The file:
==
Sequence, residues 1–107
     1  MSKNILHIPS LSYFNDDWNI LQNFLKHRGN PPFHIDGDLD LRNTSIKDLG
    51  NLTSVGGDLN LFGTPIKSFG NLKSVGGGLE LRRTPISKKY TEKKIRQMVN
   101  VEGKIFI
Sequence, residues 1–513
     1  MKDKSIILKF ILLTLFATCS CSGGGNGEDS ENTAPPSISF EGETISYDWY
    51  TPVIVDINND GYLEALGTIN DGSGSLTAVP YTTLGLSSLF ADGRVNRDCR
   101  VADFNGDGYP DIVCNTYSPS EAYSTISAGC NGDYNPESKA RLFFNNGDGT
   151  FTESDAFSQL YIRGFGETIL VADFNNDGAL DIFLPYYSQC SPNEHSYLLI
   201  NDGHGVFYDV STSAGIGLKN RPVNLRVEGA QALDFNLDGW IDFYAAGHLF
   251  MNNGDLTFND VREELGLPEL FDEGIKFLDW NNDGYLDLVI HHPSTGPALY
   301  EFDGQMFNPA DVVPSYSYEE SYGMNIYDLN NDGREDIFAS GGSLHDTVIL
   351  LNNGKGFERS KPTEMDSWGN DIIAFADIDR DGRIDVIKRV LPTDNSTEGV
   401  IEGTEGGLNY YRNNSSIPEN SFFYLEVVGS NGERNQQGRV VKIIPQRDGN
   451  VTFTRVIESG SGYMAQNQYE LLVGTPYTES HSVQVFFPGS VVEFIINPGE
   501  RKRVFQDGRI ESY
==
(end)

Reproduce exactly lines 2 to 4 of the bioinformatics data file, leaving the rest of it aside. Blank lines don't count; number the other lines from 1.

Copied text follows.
     1  MSKNILHIPS LSYFNDDWNI LQNFLKHRGN PPFHIDGDLD LRNTSIKDLG
    51  NLTSVGGDLN LFGTPIKSFG NLKSVGGGLE LRRTPISKKY TEKKIRQMVN
   101  VEGKIFI